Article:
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19 July, 2018

Blended finance takes centre stage at UN High-Level Political Forum

Blended finance takes centre stage at UN High-Level Political Forum

Each year, the United Nations High-level Political Forum (HLPF) brings together governments, civil society, private sector, and other SDG stakeholders to review progress towards the 2030 Agenda for Sustainable Development and the Sustainable Development Goals (SDGs). At this year’s forum (July 9-18) the theme was “Transformation towards sustainable and resilient societies”, with a particular focus on a sub-set of the 17 SDGs:

SDG selection

Overall, good progress has been made towards the SDGs. Deputy Secretary-General Amina Mohammed highlighted important progress in certain key areas, including maternal and child mortality (Goal 3); tackling childhood marriage (Goal 5); addressing global unemployment (Goal 8); and cutting the rate of forest-loss around the globe (Goal 13). The forum also concluded that science and technology have been paramount in advancing progress towards the goals, with innovations in renewable energy, healthcare, and affordable housing being especially critical as they have provided more people with access to basic human necessities.

‘Better Financing’ Needed

However, progress towards the SDGs isn’t fast enough to realize the full set of ambitious targets by 2030. In the discussions this week in New York, delegates acknowledged positive momentum as the global financial system strengthened, but “better financing” is an urgent priority. Delegates continued to emphasize the effectiveness and sustainable development impact of multi-stakeholder partnerships and approaches, including blended finance.

Blended finance was a recurring theme across the wide spectrum of events and discussions during the week-long forum. Some of the key blended finance messages from the week include:

  • There is an urgent need to accelerate analytical work and policy dialogue on blended finance that aligns with country priorities and brings about sustainable development.
  • The risks and benefits of blended finance should be shared in a fair manner, such as structuring first-loss guarantees in a way that compensates the public provider with a share of returns if an investment performs well.
  • The parameters of blended finance partnerships should be clearly established for issues such as technology transfer, employment and income generation, and linkages to domestic production chains.
  • Development actors must ensure respect for country ownership and other principles of effective development cooperation where ODA is used to leverage private financing.
  • As the use of blended finance increases, development partners should ensure that concessional funding is not diverted from least developed countries.

Blending for Clean Water and Sanitation

Blended finance was an important theme in discussions around Goal 6: Clean Water and Sanitation. The first synthesis report on SDG 6, launched at the forum, concluded that water and sanitation require a “new financing paradigm”, and identified three financial challenges: 1. lack of finance for strengthening the enabling environment and service delivery, 2. untapped use of repayable finance, including blended finance, and 3. resources inadequately targeted towards the poor and vulnerable.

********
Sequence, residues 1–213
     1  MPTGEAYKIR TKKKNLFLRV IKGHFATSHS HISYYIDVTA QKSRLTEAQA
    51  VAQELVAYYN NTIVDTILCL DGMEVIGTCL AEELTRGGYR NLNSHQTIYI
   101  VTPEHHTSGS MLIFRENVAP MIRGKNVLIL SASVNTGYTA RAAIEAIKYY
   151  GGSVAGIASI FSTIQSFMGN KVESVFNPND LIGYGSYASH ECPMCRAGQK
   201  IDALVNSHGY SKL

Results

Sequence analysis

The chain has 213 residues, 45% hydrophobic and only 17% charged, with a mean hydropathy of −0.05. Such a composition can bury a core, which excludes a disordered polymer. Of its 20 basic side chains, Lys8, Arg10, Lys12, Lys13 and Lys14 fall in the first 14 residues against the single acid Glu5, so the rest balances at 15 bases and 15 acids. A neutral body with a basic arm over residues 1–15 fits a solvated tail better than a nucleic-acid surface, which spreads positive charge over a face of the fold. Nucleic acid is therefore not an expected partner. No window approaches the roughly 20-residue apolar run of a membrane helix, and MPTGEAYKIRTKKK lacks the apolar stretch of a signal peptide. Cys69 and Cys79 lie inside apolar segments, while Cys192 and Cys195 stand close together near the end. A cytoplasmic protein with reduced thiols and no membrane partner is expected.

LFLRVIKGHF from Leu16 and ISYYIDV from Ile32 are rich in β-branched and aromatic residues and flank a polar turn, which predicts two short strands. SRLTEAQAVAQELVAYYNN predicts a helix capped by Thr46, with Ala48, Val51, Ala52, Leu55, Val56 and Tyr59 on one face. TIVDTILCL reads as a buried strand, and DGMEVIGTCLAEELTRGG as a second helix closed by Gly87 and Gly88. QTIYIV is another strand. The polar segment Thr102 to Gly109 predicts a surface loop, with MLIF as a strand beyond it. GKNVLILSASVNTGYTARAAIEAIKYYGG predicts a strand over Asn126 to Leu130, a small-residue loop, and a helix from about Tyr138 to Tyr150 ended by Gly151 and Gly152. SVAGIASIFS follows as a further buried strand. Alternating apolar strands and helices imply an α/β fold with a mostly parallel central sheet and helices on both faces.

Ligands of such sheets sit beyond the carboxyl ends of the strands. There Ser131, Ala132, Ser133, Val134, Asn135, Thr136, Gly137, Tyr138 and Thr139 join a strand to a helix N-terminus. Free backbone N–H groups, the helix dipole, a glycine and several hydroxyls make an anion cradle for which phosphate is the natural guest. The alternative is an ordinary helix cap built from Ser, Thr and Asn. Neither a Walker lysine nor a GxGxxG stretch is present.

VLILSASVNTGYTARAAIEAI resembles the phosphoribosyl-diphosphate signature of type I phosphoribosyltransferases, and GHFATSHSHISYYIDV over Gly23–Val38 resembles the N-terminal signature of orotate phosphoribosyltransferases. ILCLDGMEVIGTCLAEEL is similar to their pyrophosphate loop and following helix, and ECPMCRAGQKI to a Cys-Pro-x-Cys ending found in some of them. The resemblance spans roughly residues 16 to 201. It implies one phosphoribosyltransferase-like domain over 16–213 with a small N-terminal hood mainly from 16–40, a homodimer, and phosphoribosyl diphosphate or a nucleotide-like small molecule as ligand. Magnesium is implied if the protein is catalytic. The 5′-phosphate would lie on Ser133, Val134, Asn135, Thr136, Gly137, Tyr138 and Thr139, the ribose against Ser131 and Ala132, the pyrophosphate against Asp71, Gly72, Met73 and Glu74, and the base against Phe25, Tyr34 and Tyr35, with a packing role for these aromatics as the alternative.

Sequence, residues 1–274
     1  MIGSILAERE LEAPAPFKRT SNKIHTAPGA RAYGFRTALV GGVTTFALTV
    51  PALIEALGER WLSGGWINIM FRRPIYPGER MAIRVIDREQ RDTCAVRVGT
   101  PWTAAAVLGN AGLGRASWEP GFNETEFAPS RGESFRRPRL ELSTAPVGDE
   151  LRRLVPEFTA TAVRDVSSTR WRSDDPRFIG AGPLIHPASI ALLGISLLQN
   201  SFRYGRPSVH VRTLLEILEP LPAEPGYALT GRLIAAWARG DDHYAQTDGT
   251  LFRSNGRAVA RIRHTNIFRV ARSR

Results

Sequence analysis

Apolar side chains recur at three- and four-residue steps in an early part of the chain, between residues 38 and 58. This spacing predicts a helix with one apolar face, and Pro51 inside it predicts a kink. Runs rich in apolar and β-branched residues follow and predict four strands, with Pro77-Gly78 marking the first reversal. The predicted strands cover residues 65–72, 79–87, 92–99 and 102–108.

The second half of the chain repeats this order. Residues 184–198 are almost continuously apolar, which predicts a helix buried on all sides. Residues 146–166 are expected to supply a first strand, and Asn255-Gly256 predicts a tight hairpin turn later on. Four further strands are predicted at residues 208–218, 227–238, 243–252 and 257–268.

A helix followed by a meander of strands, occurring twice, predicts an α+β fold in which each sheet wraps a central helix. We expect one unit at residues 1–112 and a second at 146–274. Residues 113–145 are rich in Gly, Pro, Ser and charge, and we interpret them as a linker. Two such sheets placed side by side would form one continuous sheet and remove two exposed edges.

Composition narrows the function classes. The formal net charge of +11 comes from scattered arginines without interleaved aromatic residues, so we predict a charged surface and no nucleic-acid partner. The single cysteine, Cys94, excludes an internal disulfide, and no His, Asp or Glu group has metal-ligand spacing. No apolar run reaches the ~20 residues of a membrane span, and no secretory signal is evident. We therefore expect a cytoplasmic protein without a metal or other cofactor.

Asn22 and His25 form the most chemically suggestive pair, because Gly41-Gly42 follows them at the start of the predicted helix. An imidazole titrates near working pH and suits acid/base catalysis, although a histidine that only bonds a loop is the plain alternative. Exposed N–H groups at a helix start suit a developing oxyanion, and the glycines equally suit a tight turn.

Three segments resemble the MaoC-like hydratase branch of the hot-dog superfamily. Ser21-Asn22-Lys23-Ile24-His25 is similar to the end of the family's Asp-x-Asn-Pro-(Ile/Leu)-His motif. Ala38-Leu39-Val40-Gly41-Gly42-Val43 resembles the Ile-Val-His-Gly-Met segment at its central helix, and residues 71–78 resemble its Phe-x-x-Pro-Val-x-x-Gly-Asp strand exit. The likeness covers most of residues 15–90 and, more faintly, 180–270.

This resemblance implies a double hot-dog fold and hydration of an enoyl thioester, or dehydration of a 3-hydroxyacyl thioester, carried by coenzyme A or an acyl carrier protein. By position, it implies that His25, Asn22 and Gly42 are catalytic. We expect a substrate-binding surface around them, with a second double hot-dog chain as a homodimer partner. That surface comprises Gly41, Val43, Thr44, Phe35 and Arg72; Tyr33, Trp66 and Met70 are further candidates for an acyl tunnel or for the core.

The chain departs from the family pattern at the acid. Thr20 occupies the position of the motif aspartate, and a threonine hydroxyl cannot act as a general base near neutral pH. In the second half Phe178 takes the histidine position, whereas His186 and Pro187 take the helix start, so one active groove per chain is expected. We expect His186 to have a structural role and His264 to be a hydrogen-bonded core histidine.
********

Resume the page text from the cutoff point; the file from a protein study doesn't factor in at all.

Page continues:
Addressing these challenges will require increasing the efficiency of existing financial resources and mobilizing additional ones in the form of domestic public finance and domestic and international finance (ODA, loans, grants, etc.). Blended finance can offer more affordable access to critical goods and services (e.g., access to clean water and sanitation), while enticing lenders into the market. There are many benefits of raising commercial finance in the WASH sector, including longer term sustainability, faster access to finance and lower transaction costs.

To achieve the SDGs by 2030, new partnerships are needed between the public, philanthropic, and private sectors. The HLPF meetings in New York reflected the growing recognition of blended finance and the role that blended finance approaches can play in mobilizing additional sources of finance for development. However, for blended finance to reach its potential there is a need to (i) embrace innovation and smart technologies; (ii) address data gaps, especially around the sustainable development impact of blended finance, and (iii) encourage governments to strengthen the enabling environment and enforce a strong and binding regulatory framework for the private sector. Despite its growing popularity, blended finance will not be able to scale and help us progress towards achieving the SDGs until these conditions are met.

About the Author
Justice Johnston

As a Senior Associate, Justice is responsible for Convergence’s data and research activities, including building out Convergence’s database of historical blended finance transactions, documenting blended finance case studies, developing blended finance trends analysis and benchmarks, and coordinating webinars and workshops. Prior to joining Convergence, she worked at the MasterCard Foundation as Program Coordinator for the Financial Inclusion team. While there, Justice was responsible for contributing to new project development, managing current projects, updating project records and preparing strategic reports, as well as managing team organization and coordination. Prior to joining the Foundation, Justice was at the University of Toronto’s Munk School of Global Affairs completing her master’s thesis on Financial Inclusion and the Role of Government. She also has a variety of research and policy experience through her work at Scotiabank’s Government Communications, Policy and Research department, the G20 Research Group, and the World Wildlife Fund.

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